Of course, this isn’t a flawless solution and some of us like to keep our nails a bit long. So, either way, before you go into the garden, dig your nails into a bar of soap. By doing so, you’re effectively filling up the area dirt would otherwise take over. When you go in the garden now, you can dig as deep as you like and dirt simply can’t get in. Plus, it’s easy to remove, just wash in warm water and rub your hands around like you’re used to. The soap will melt and slide out, leaving behind incredibly clean hands.
Keeping Your String Trimmer Running
If you use a string trimmer to keep your hedges looking beautiful or to otherwise manage your garden’s growth, you probably run into a common problem on a regular basis: your line constantly breaks or jams.
Like many people, you may actually put off using it for what a pain it can be when this happens and the string trimmer simply refuses to cooperate. But this problem, too, has a simple solution. This time, just take a can of spray vegetable oil and apply it to the string before you install it into your trimmer. That’s really all this annoying problem takes!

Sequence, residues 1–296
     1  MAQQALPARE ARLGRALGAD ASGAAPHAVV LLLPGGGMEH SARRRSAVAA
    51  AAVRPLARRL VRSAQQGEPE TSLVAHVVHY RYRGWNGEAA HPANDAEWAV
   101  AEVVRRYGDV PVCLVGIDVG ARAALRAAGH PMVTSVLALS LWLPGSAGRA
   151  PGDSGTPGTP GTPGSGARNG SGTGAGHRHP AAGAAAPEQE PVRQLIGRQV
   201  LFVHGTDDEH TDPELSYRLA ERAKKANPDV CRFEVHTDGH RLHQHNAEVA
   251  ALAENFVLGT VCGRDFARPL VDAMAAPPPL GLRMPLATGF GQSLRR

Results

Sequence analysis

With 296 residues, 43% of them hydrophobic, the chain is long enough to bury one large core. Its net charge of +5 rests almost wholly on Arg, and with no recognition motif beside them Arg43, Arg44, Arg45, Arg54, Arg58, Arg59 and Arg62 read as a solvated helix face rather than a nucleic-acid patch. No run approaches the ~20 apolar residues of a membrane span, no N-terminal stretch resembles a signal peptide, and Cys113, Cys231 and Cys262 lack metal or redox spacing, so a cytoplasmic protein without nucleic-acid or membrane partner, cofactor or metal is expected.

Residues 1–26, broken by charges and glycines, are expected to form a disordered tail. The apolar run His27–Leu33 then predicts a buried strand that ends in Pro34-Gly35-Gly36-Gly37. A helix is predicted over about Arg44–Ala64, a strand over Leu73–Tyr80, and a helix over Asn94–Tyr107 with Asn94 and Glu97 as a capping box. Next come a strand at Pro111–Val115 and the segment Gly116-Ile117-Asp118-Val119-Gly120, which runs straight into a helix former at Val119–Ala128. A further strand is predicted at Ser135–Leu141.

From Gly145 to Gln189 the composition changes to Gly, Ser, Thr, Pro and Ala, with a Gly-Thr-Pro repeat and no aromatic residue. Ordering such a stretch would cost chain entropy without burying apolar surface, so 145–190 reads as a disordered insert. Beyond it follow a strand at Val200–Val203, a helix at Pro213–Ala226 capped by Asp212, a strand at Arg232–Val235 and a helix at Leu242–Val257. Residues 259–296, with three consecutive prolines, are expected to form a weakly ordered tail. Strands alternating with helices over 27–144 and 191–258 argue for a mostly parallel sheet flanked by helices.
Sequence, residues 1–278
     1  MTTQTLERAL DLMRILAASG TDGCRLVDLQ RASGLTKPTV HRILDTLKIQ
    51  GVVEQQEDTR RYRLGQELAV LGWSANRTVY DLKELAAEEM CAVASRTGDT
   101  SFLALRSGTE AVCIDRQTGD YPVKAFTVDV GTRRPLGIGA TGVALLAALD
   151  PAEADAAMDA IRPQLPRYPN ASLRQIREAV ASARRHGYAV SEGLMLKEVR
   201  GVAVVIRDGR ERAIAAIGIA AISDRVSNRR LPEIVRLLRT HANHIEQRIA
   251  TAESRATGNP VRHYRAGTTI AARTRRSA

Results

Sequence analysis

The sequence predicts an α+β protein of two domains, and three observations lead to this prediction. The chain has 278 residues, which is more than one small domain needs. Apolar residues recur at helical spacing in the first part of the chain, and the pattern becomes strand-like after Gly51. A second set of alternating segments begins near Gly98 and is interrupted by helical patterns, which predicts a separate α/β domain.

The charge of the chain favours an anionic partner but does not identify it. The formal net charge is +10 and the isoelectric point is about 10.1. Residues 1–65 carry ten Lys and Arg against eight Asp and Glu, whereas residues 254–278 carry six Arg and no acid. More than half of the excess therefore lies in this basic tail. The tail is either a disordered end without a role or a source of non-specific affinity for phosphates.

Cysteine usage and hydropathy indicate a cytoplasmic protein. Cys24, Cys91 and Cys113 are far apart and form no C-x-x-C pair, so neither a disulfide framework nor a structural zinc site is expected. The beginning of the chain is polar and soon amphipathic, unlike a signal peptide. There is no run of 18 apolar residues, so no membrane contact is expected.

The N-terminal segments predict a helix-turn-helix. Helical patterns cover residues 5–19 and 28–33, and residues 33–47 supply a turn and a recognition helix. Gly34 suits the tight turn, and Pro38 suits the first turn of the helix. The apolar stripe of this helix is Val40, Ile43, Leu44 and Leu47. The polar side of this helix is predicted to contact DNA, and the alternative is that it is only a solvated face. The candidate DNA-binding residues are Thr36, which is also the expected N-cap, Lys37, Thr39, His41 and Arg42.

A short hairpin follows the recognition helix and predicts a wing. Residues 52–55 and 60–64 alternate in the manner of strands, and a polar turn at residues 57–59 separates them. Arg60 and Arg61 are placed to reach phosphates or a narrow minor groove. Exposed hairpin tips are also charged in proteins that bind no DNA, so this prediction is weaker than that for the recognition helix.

Make a Convenient Tape Measure
Most people may not associate a tape measure with gardening, but those of us who have been at it for a while know that it often helps to have such a tool handy. Often, for example, we need to measure out the distance from one space to another, so we can find out where to put our plants so they don’t get in each other’s ways. Otherwise, these plants will grow to interfere with one another and fight for sun, water and nutrients.
There’s nothing wrong with using a tape measure for this, but there’s also a far more convenient way to space out plants in this scenario.
Go out to the garage and find your tape measure. Then lay it down at the length of any long-handled tool you use regularly like a shovel or a hoe. Now, with a magic marker, draw on the long-handled tool’s wood shaft every inch and foot mark.
Now, the next time you need to take a measurement, for any reason (even if it’s just to see how tall a plant has grown since last time), you’ll always have the necessary tool handy.
Easily Find Twine